The question of regional cooperation and taking a coordinated, step by step approach based on the epidemiological development was also highlighted as key by Karoline Edtstadler when it comes to the opening of borders and restoring Schengen. Despite the faith in being able to restore Schengen eventually, starting slowly as of mid-June, for the moment, cooperation between neighbouring countries is the most appropriate and effective tool available to Member States in dealing with internal borders, much as the EU’s efforts in providing regional recommendations is appreciated. Austria and the Czech Republic are slightly ahead in terms of opening borders than Slovakia, but taking into account the needs of both the workers living in border areas and the needs of the tourism industry, especially the small and family owned businesses, all countries are keen to open internal borders as soon as the situation allows. State Secretary Hrdinková also emphasized the need to think of EU’s relations with the outside world.
Close attention was paid to the question of economic recovery – the day of the discussion was also the day the EU Commission was due to unveil its recovery package. The three countries take a different stance on whether the help should come in the form of loans or grants – Austria as a member of the ‘frugal four’ favours the loans, whereas Slovakia would be willing to accept grants too and the Czech Republic finds itself somewhere in the middle. However, all three agreed that the EU money is taxpayers’ money and needs to be spend wisely and responsibly. Minister Edtstadler argued that the money should be used for recovery and resilience building measures and nothing else, especially since this help comes on top of the pre-approved 540 billion for the European Stability Mechanism. Martin Klus expressed hope that the EU will also maintain some flexibility on matter of using EU funds for as long as necessary. State Secretary Hrdinková emphasized the need to keep an eye on the other EU priorities too, especially when negotiating the MFF; she also argued that Member States need to be modest about developing too many new procedures and tools, so as not to overwhelm themselves. That being said, the debate about subsidiarity – i.e. the effectivity of national/regional versus EU decision making powers – is an important one to continue having. On the question of taking into account the ‘human’ and not just the economic factors, all panelists firmly believe that the two go hand in hand – strong economy and increased convergence across the EU allows for strengthening of Member States’ capacities to enhance their healthcare system, too. Coincidentally, this also allows for greater solidarity with the neighbouring countries, as was the case of Austria using their ICU capacities to help countries such as France or Germany.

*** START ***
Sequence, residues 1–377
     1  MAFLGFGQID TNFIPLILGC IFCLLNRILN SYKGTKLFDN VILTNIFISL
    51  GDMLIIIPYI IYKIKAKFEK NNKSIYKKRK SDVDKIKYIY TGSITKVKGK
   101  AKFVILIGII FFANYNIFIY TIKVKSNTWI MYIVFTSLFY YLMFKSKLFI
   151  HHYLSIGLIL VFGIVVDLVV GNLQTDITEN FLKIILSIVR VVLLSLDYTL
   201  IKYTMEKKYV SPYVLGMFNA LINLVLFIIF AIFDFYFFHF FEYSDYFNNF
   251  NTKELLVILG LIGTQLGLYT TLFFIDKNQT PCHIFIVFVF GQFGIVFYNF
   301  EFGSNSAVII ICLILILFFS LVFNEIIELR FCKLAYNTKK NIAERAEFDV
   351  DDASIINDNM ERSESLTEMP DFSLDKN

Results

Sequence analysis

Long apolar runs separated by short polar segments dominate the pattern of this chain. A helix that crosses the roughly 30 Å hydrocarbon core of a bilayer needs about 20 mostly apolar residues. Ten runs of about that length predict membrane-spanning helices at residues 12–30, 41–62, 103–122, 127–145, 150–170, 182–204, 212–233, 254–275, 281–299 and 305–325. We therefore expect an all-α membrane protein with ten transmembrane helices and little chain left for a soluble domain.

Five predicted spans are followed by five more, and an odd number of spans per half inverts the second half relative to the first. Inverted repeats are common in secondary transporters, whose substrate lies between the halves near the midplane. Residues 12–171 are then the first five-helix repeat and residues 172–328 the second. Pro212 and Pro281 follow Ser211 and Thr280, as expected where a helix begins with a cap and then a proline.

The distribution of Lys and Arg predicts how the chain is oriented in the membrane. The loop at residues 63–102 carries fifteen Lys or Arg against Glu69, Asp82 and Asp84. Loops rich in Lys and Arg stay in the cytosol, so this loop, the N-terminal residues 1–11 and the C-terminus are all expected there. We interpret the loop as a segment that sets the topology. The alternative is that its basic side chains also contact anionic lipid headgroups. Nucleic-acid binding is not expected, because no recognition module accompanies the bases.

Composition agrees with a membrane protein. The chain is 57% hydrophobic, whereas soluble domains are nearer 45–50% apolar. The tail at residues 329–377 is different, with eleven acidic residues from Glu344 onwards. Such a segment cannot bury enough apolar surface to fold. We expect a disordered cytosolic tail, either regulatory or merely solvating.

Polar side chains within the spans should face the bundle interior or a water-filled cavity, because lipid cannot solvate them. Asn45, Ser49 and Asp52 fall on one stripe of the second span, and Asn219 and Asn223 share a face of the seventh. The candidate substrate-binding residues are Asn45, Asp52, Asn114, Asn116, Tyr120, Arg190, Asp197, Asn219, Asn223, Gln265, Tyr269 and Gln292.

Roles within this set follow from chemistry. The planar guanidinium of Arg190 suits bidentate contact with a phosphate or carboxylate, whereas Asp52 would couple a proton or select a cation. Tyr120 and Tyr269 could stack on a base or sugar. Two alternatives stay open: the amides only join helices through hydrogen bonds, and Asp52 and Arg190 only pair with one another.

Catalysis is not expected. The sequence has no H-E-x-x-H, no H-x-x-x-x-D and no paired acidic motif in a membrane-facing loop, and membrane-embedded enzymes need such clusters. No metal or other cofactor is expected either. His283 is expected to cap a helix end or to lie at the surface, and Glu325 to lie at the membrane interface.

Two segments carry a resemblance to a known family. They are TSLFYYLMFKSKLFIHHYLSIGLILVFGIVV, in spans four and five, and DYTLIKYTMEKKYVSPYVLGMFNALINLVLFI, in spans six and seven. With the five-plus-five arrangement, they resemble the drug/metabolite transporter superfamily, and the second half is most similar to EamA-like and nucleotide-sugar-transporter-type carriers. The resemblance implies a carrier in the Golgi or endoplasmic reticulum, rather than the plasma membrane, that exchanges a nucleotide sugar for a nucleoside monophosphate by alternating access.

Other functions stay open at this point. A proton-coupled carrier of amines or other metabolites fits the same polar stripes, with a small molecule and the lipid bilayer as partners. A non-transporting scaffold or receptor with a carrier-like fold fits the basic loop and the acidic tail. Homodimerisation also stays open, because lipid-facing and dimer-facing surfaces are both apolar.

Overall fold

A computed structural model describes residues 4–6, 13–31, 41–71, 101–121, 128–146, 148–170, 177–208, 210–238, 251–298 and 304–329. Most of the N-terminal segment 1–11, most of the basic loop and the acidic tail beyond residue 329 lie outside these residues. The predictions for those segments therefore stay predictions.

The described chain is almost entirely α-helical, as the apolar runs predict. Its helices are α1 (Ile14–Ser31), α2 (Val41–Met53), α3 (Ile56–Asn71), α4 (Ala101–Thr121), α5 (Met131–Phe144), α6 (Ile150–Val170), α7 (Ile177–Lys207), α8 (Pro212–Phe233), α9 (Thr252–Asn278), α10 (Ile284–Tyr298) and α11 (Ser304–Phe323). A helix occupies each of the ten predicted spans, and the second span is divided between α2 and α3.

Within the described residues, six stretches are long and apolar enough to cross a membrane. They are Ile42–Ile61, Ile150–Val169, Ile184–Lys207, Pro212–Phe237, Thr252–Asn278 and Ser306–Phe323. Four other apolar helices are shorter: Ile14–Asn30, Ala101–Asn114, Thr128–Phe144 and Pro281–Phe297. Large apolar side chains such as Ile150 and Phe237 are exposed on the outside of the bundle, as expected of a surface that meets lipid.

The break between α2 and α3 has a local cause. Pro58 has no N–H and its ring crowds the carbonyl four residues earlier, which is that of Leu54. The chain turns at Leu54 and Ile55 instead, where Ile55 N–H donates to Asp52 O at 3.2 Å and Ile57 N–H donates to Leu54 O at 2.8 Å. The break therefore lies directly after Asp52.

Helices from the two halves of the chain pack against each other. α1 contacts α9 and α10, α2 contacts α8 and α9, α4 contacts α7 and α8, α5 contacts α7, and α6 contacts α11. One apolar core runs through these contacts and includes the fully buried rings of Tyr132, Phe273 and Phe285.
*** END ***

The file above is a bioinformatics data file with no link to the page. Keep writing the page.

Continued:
By way of final remarks, our panelists highlighted the importance to build regional cooperation, both within CEE and more widely, and the need for EU to play a leading role on the global stage. A strong, resilient, united Europe, internally and externally, is key to its Member States and to the world.